Don’t Go Slick
Updated at the bottom
Have you ever read a post where someone said something so perfectly that you actually spun around in your spinny office chair like Alex P. Keaton when he was high on amphetamines in the “Speed Trap” episode on Family Ties? This post is one of those posts.* (A heads up: she is currently pregnant and mentions it in the post.) Especially when she wrote,
Blogging has so evolved since when I launched this blog. When I started blogging a few years ago, there was no Pinterest rabbit hole of perfect spaces and beautiful things to covet. And it seemed like many bloggers, besides a few established ones, were more rough around the edges (in a good way) — posting inspiring, informative finds that included some posts from their own home and life adventures. The photos weren’t always perfect. The posts didn’t have Photoshop layouts and cool type layered over images. More blogs felt like online journals to me, rather than mini online magazines with staged shoots and recurring features.
I don’t spend a lot of time on Pinterest, maybe because I don’t believe that living aspirationally is the healthiest frame of mind (and believe me, if I let myself go there, I could see myself falling into a state of coveting). I don’t want to aspire to be something different or have my house look different or have my life be different, except in ways that a magazine or blog or pinboard can never direct. (Unless, perhaps, I am mistaken and embryologist Michael Tucker has a Pinterest account?) I don’t want to live in a constant state of searching for something.
I’m drawn — like the author of that post — to blogs that have rougher edges.
I guess what I’m saying is please don’t go slick.
Please don’t try to put together the perfect blog, with the perfect layout and the perfect accompanying photographs. Place on the screen whatever is in your head, whether it is pretty or boring or strange or upsetting or inspiring. I read your blog not because I need good ideas or I need to be inspired; I read your blog to connect with you, the author. To try to understand another person’s world and have my own viewpoint expanded. And yes, ideas and inspiration come from that organically. It isn’t fed to me, but rather, it’s something I find. Like stumbling into a field of wildflowers rather than a cultured garden.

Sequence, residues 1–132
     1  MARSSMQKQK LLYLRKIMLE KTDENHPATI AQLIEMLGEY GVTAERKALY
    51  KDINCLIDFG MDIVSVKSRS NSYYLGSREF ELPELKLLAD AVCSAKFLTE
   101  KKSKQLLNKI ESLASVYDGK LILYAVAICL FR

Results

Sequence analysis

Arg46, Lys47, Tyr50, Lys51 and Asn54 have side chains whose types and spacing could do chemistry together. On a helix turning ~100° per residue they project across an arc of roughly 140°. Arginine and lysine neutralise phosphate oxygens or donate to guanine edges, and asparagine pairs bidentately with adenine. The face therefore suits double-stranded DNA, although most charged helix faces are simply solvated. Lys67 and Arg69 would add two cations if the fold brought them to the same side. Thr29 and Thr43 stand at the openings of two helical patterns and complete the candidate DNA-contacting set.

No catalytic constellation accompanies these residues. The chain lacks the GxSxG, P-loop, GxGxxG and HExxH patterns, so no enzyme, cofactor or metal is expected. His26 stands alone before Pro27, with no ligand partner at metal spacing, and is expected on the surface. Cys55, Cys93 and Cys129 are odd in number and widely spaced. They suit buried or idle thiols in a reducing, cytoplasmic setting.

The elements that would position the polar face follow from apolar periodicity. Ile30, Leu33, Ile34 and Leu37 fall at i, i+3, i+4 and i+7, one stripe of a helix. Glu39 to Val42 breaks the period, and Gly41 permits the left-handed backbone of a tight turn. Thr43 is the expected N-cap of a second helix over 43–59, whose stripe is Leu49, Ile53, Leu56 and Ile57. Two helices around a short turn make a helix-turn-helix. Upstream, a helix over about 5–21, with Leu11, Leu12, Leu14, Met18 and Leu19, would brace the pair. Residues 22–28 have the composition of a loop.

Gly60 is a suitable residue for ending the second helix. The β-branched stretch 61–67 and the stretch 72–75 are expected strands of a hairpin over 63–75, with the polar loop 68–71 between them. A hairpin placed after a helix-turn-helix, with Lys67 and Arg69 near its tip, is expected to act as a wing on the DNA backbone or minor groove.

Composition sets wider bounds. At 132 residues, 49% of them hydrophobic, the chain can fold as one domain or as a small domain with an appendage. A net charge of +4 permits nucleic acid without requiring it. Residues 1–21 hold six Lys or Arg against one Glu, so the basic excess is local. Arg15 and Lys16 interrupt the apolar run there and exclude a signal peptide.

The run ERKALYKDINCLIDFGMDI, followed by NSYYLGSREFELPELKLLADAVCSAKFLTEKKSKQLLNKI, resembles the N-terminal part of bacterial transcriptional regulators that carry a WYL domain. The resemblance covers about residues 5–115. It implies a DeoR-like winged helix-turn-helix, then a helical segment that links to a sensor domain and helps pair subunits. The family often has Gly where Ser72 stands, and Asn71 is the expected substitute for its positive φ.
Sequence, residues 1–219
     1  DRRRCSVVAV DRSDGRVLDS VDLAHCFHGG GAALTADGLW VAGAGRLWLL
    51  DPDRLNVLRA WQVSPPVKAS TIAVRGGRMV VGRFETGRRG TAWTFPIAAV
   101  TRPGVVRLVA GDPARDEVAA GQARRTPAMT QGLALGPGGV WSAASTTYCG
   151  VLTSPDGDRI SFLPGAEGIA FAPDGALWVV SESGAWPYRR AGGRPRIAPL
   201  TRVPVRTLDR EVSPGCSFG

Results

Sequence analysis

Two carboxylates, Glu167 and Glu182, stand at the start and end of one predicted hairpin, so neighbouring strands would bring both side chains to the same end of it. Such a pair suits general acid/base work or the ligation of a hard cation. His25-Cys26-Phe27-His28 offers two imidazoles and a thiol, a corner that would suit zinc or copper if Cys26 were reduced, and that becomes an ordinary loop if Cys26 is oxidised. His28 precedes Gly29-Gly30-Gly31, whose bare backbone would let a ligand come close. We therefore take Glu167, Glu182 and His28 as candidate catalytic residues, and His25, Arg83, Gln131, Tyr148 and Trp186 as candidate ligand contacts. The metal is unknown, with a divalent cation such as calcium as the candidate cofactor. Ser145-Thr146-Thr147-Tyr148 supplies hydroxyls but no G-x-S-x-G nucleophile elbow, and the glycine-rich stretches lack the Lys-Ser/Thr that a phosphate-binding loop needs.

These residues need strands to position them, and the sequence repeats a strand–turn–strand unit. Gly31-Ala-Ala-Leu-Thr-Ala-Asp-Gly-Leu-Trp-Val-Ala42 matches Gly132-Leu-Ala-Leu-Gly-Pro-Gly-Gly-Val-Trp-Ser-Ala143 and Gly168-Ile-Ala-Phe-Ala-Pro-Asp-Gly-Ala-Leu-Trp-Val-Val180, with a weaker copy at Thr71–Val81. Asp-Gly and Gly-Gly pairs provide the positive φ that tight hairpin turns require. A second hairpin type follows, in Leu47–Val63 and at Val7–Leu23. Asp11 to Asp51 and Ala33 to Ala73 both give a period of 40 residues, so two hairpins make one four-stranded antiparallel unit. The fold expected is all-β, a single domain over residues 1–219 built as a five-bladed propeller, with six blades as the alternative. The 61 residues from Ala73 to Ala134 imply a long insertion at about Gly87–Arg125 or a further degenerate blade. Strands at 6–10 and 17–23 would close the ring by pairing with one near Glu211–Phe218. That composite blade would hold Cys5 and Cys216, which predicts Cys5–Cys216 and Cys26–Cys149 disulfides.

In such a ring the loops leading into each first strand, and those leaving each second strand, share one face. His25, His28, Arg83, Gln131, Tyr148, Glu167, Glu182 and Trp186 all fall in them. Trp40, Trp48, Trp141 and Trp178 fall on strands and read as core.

It feels as if there has been a lot of blogging attrition this year, a lot of posts where people write that while they don’t want to give up writing their blogs, blogging has become too difficult. Twitter and Facebook are easier; faster. There is no stressing about the quality of the paragraphs or the lack of visual accompaniment. And that is true. Except that we don’t have to let blogging go slick. We can, as the author above states, take back the space and say that it’s great that all these trends exist, but we don’t need to participate in each one.
I’ve been blogging for almost seven years. I’ve seen a lot of trends come and go. A lot of memes pass through the blogosphere. A lot of hot sites sizzle and burn out. And still, I plod along. Word-focused post after word-focused post, just as I did back when I first started blogging and had no clue how to upload an image. As a reader, I am still drawn, after all this time, to a good story. To a smart turn of phrase. To an interesting analogy. That is what makes me read a blog.
Which is not to say that other people aren’t drawn to stylized blogs. But I did want to point out that there are at least two of us out here looking for the interesting find over perfection. Just in case you were stressed out and not writing because you don’t know how to make your blog mirror what you see on Pinterest.
Truly, read her post in full. It’s that good.
* I was not high on amphetamines like Alex P. Keaton when I wrote that.
I put this in the comment section below, but thought I’d move it into the bottom of the post since I think it keeps coming up.